Temperature variation predicts growth patterns in Lake Trout

Animals have to deal with a variety of factors that influence their daily lives. These factors can be grouped into those that relate to living things, or biotic factors, and physical, or abiotic, factors. In particular, studies of abiotic factors have emphasized the role of temperature in face of climate change, and how animals will respond to predicted changes in temperature. Typically, animals can only survive in climates that meet their particular needs. For example, most amphibians are found in damp environments that are close to water, as they need to keep their skin wet to breath across it. They also need access to bodies of water to reproduce. Therefore, you would expect to find few amphibians in the desert.

Figure 1. A Lake Trout. Photo by Paul Vecsei.

Most fish also require very specific environmental conditions to thrive. However, climate change has rapidly adjusted many of the abiotic factors critical for fish. Many fish vary their behaviour seasonally, requiring environmental cues to tell them what they should be doing. As ecosystems adjust in response to climate change, the behaviour of fish within these ecosystems will likely also begin to change. To understand how ecosystems are responding to climate change, long term studies of the effects of annual variation in temperature patterns on ecosystem function must be assessed.

Figure 2. The Experimental Lakes Area. Photo by University of Guelph.

To address this question, researchers from the University of Manitoba tracked a population of Lake Trout (Figure 1) in the Experimental Lakes Area in Canada (Figure 2) over an 11 year period. The water depths that trout occupied were monitored year-round using acoustic telemetry, and water temperatures were tracked continuously using a series of data loggers. To determine what trout were eating over the course of a given year, stomach contents were assessed and tissue samples were taken to analyze carbon isotope patterns. The types of prey that an animal consumes is reflected in their carbon isotope patterns; by comparing these patterns to their various prey, the researchers could determine what the trout had been eating. Lastly, once a year fish were captured and measured to assess their yearly growth rates.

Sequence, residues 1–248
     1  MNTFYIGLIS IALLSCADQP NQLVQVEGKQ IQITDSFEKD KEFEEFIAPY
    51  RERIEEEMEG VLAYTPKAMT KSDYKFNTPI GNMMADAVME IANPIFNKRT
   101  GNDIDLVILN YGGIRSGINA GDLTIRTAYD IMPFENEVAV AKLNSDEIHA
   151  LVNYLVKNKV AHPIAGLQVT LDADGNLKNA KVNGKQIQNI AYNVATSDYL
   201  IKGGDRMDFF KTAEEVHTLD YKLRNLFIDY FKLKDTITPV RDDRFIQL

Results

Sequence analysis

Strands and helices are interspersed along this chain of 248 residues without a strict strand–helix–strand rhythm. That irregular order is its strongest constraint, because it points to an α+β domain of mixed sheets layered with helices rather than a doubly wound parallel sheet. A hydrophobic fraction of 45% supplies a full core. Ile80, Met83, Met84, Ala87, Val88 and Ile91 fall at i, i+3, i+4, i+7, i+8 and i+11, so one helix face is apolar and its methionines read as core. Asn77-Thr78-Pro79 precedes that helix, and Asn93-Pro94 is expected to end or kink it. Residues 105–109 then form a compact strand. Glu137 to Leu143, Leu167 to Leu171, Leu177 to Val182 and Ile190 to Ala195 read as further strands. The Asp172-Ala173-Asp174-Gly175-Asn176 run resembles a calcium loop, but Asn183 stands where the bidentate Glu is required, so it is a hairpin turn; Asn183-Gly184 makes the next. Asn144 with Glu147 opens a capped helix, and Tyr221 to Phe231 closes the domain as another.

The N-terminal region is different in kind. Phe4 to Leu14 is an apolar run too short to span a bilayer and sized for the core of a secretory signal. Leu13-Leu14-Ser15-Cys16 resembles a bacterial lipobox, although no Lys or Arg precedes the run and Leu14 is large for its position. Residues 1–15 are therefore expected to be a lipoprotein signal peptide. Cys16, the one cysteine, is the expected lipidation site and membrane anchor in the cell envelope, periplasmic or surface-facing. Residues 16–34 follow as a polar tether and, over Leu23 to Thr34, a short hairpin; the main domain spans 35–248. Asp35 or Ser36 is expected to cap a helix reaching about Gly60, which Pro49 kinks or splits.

Figure 3. Seasonal range of Lake Trout and the prey accessible during these times. Photo from Guzzo et al., 2017.

Trout changed the locations where they fed seasonally (Figure 3). In the spring and fall trout spent the majority of their time feeding near the shore, where prey are more abundant. Trout also had the most food in their stomachs during the spring. However, in the summer, warm temperatures at the surface of the water acted as a physical barrier to trout, such that they could not feed in the littoral zone. Instead, trout were forced to feed in the open water where prey are more difficult to locate. Across the 11 year study period, the duration of the cool, spring temperatures, and therefore the time that trout were able to feed near the shore varied considerably. In years where trout were able to occupy the littoral zone for a longer period of time prior to temperatures rising, growth rates were higher and trout were in better condition. Overall, the feeding behaviour and nutritional status of trout was influenced by the length of the spring temperatures, and this duration varied across years.

Understanding how animals respond to climate change is of growing interest as global climate patterns continue to change rapidly. Studies such as this are necessary to predict how animal populations, and even entire ecosystems will be affected by climate change.


Guzzo, M.M., Blanchfield, E., Piccolo, P.J., and Rennie, M.D. 2017. Behavioral responses to annual temperature variation alter the dominant energy pathway, growth, and condition of a cold-water predator. Proceedings of the National Academy of Science of the United States of America. 114: 9912-9917.

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